Unlock the Past’s “History & Genealogy 2011” is now available. It includes over 60 Aus/NZ genealogy and history related articles together with a directory listing of 1700+ organisations, as well as adverts and vouchers that can save you hundreds of dollars.
This is the fourth year that Auckland Libraries and the Kintalk blog have issued the Trans-Tasman ANZAC Day Blog Challenge. So do you have a story to share about an ANZAC? Stories they’d like to hear about could be about their sacrifice, or the way it shaped or impacted on their family history. Or maybe you want to blog from the perspective of those that were left behind?
The Master Genealogist (TMG) version 9 is now available! This major update includes a variety of great new features that focus on making data entry faster and easier.
London Labour and the London Poor originated in a series of newspaper articles written by the great journalist Henry Mayhew between 1849 and 1850. A dozen years later, it had grown into the fullest picture we have of labourers in the greatest city of the nineteenth century.
Did you know that there was such a thing as an official “Genealogy Day”? No? Well nor did I till I stumbled across it online, and what-do-you-know, it’s tomorrow, 8th March 2014!
Don’t believe me? Well, here you go … “Established in 1997 as part of Celebrate Your Name Week, Genealogy Day was created to inspire an interest on one’s family history.”
Somehow the year has managed to sneak along to March already (although no-one knows how!!) Anyway a new month also brings us the a new issue of the Australian Family Tree Connections magazine, so that’s means some good reading over a cup of tea or coffee.
The National Archives of Australia (NAA) Adelaide Reading Room is officially on the move!! As of 9 March 2011, the NAA in Angas Street, Adelaide will be closed to all who have not pre-ordered records. And it will reopen on …
Whether you are a beginner or experienced researcher, or a budding novelist, Unlock the Past’s Researching and Writing History Seminar will provide you with practical information and guidance to use in your current or future projects – or perhaps inspire you to write for the very first time.
The National Library of Australia’s Community Heritage Grants (CHG) provides grants of up to $15,000 toganisations such as libraries, archives, museums, genealogical and historical societies, and multicultural groups. Applications for the 2011 Grants are now open, and close 5.00pm Friday 6 May.
A treasure trove of photographs of Australian diggers taken during the First World War have been discovered in an attic in France, in a major find hailed as ”one of the most important discoveries from World War I” by military historians.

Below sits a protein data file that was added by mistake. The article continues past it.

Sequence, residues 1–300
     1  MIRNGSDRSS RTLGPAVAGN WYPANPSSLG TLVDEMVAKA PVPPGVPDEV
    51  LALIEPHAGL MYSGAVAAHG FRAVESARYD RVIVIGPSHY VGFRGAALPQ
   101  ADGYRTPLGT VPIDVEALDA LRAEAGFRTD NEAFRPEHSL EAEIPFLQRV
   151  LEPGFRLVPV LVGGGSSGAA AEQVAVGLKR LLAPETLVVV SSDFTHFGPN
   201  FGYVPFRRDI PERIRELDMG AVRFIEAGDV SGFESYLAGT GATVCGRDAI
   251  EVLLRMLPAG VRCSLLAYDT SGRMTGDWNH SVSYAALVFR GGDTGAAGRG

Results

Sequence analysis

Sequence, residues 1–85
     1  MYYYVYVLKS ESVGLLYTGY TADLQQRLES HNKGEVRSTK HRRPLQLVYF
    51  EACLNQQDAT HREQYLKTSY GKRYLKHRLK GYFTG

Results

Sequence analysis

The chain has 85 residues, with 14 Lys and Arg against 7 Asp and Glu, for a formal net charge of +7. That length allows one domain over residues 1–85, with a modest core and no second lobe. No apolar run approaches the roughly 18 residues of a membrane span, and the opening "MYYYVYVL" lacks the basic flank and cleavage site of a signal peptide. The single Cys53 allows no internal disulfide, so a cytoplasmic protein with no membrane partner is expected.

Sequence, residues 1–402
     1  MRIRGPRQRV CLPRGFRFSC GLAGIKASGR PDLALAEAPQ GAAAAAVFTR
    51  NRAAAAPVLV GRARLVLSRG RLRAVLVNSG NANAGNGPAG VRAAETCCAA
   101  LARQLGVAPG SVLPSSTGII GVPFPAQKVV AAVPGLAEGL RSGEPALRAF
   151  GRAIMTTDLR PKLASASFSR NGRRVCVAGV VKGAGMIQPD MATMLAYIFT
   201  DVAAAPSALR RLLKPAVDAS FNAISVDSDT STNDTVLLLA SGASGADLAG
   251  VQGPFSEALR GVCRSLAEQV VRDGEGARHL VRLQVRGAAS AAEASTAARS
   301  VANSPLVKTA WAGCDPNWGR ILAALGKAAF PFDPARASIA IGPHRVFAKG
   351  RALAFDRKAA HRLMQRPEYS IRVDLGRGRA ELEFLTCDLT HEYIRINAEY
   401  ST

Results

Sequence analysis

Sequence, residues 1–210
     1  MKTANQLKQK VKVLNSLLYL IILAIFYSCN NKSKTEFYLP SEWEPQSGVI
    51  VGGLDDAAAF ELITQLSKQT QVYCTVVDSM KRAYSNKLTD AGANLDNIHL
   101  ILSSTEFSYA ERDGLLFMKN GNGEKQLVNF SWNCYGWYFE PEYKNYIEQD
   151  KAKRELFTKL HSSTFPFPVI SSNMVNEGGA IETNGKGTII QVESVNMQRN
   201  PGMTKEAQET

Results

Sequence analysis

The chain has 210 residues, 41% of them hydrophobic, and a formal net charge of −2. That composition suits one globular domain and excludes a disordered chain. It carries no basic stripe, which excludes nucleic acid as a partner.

What is your favorite family memory? How did the world you grew up in differ from today’s world? Is there anything in life you wish you did, but never have? What would you want me to share about you to future generatons? These are just a few of the thought-provoking questions you will find in this book …
A Press Release recently sent to me from The Guild of One-Name Studies advises of a very special offer that they are offering to all new joiners to coincide with the Who Do You Think You Are? Live event. The offer is available to all worldwide.
Your Family History, Issue 100 (March 2011) is out now. Apart from being the best value for money magazine around, it is packed full with the latest happenings relating to online records, societies, publications and news from genealogical world in general, as well as helpful tips throughout. An all round fabulous read!!
Created by leading family history experts, Ancestry.com.au, has just launched My Place in History. This is a free web-based educational program designed for teachers to assist them in teaching their students about family history. The program brings family history right into the classroom of Australian primary schools by placing the child’s family history at the centre of the learning experience.
The interest in genealogy is constantly growing, and with it comes the availability of more records … mostly online. Here is a list of ‘must-visit’ sites for those who are reseaching Australians. Newspapers, convicts, cemeteries, military records, photographs, shipping records and more are all available online and for FREE.
The Ryerson Index is a website with over 2,800,000 death, funeral, probate and obituary notices from Australian newspapers. The Ryerson Index team have now put the call out to Family History or Local History Societies who are interested in indexing the notices from their local paper, can you help?
Among the many Irish criminals transported were those whose crimes were political. The resentment of these Irish political convicts ran deep. This was largely due to the lack of official records, which caused injustice and confusion over the lengths of their sentences. ‘The Battle of Vinegar Hill’ is the story of botched, mini-rebellions failed escape attempts, mutiny, conspiracies, betrayals and personal tragedy.